Morning Edition

Weekdays, 4:00 a.m. - 8:00 a.m.
Hosted by: Steve Inskeep & Renee Montagne
Michael Brasher

Waking up is hard to do, but it's easier with NPR's Morning Edition.  Hosts Renée Montagne and Steve Inskeep bring the day's stories and news to radio listeners on the go.  Morning Edition provides news in context, airs thoughtful ideas and commentary, and reviews important new music, books, and events in the arts.  All with voices and sounds that invite listeners to experience the stories.  Morning Edition, it's a world of ideas tailored to fit into your busy life.

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6:24am

Tue September 27, 2011
Strange News

Cheeseheads Take Issue With Anti-Cheese Billboard

A billboard went up near the Green Bay Packers' stadium showing the grim reaper decked out in a cheesehead hat. A physicians group promoting vegan diets says its new ad simply points out that cheese can be unhealthy. Green Bay's mayor says this is silly. As he put it, "We love our cheeseheads and we love our cheese."

6:21am

Tue September 27, 2011
Business

Living Or Dead, Who Belongs On A U.S. Stamp?

Until Monday, only people who had been dead for at least five years could appear on U.S. postage stamps. It was, in that way, a little like becoming a saint. But now the Postal Service is inviting suggestions for living people who deserve to be on a stamp. People can submit their ideas through Facebook and Twitter — and, of course, by mail.It's Morning Edition.

2:41am

Tue September 27, 2011
Author Interviews

For One 'Wiseguy,' A Permanent Place In Mobster Lore

Originally published on Tue September 27, 2011 12:07 pm

Crimelore(d): Wiseguy author Nicholas Pileggi
Sigrid Estrada

Twenty-five years after its initial publication, Nicholas Pileggi's Wiseguy remains one of the signal narratives about life in the Mafia. Adapted by Pileggi and director Martin Scorsese into the 1990 film GoodFellas, it follows the rise and fall of true-life Brooklyn gangster Henry Hill — "a little cog" in the Lucchese crime family who turned FBI informant after a drug arrest.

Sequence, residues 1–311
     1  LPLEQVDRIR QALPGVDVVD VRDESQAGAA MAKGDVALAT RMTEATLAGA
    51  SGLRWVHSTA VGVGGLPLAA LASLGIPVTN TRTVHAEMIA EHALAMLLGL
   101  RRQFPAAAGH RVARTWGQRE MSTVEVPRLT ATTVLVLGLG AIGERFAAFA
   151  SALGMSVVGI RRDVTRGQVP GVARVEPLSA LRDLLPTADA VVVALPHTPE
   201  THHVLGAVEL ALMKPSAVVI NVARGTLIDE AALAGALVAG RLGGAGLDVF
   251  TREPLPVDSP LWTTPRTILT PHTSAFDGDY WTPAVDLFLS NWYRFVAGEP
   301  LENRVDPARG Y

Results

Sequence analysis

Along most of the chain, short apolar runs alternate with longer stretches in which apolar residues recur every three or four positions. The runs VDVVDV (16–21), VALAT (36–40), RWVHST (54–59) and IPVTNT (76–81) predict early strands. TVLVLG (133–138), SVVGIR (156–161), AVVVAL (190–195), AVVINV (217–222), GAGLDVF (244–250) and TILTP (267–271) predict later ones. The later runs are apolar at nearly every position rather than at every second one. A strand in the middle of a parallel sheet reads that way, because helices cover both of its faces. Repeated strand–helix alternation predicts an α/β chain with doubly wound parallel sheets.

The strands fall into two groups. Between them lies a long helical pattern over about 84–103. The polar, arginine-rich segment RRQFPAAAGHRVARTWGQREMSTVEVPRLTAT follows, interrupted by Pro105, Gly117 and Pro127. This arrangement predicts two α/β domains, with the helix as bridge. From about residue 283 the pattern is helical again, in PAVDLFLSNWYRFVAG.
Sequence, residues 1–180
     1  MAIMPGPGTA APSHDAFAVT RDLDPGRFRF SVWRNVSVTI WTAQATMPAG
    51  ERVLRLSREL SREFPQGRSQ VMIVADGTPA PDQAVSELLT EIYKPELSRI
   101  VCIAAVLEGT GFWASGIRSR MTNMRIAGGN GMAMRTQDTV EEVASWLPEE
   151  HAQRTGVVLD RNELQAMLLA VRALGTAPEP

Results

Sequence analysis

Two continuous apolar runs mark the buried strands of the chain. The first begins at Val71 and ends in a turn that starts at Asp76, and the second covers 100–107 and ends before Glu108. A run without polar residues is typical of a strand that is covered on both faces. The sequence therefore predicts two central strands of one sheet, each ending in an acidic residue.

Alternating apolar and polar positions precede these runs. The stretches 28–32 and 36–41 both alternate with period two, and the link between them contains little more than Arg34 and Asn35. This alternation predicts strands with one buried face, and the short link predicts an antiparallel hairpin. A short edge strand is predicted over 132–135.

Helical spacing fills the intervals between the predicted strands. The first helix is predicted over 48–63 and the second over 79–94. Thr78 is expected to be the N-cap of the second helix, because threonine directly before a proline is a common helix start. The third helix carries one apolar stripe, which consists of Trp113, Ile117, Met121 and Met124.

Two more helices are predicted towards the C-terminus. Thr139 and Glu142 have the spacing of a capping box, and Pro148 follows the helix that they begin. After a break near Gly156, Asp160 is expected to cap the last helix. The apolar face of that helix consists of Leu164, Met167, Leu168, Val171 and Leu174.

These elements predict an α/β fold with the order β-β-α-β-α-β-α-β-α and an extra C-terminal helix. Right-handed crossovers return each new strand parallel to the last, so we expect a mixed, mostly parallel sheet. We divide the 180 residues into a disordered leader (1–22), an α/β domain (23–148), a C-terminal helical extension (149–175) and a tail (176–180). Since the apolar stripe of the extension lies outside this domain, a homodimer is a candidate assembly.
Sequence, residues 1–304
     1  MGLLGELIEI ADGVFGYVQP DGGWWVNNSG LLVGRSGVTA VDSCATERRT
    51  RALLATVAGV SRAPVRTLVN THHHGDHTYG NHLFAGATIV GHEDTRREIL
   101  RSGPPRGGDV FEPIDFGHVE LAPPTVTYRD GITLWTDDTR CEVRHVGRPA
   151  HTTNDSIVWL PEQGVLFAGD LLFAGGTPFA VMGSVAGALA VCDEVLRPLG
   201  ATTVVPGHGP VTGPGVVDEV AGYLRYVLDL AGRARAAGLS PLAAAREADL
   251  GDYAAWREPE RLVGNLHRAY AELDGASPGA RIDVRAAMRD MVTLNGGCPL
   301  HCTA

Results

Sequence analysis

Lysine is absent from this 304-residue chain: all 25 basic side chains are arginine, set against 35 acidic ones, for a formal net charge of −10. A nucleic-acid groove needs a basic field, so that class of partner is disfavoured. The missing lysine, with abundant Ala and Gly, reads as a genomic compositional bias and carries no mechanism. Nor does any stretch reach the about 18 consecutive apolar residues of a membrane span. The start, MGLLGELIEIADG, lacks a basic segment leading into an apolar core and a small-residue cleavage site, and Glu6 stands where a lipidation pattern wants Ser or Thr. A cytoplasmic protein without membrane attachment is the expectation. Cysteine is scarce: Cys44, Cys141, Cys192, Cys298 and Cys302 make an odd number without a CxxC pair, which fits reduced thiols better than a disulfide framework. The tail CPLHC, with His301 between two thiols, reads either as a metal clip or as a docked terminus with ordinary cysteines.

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2:30am

Mon September 26, 2011
Election 2012

Voters May Face Slower Lines In 2012 Elections

Elections are expensive. And with money tight, election offices across the country are facing cutbacks.

This means voters could be in for some surprises — such as longer lines and fewer voting options — when they turn out for next year's primary and general elections.

A lot of decisions about the 2012 elections are being made today. How many voting machines are needed? Where should polling places be located? How many poll workers have to be hired?

'We're Down To A Critical Level'

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2:30am

Mon September 26, 2011
Shots - Health Blog

When It Comes To Pain Relief, One Size Doesn't Fit All

iStockphoto.com

When you get a headache or suffer joint pain, perhaps ibuprofen works to relieve your pain. Or maybe you take acetaminophen. Or aspirin. Researchers now confirm what many pain specialists and patients already knew: Pain relief differs from person to person.

Dr. Perry Fine is president of the American Academy of Pain Medicine. He also sees patients and conducts research at the University of Utah Pain Management Center.

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10:01pm

Sun September 25, 2011
Fine Art

Andy Warhol's 'Headline': Sensationalism Always Sells

Originally published on Mon September 26, 2011 12:52 pm

By 1985, Warhol's style had evolved substantially; on this untitled headline piece, he collaborated with Keith Haring.
National Gallery of Art

Pop artist Andy Warhol died in 1987, but he's making his presence felt around the nation's capital these days. He's featured in an art fair, in restaurants, in galleries and in two major museums. The Hirschhorn Museum is exhibiting silkscreens and paintings Warhol did — of photographs of shadows. And the National Gallery of Art has its first one-man Warhol show, Headlines, focused on a series of paintings he made of Page One tabloid headlines.

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8:06am

Fri September 23, 2011
Economy

A Greek Default Would Spread Debt Contagion

European leaders insist they will take all necessary measures to ensure Greece does not default on its debt. A default would throw Greece's economy — and the European banking system — into deeper crisis. But many financial experts are advocating an orderly default. They argue it will be painful but preferable to round-after-round of painful austerity measures and more uncertainty.

5:47am

Fri September 23, 2011
Around the Nation

Hilton Denies It Overcharged DOJ For Muffins

Hilton Worldwide hosted a legal training conference for the Justice Department. News reports cited the department's inspector general saying Hilton billed the government $16 for each muffin. The company says its receipts were misinterpreted. Hilton says the price included fruit, a drink, tax and tips.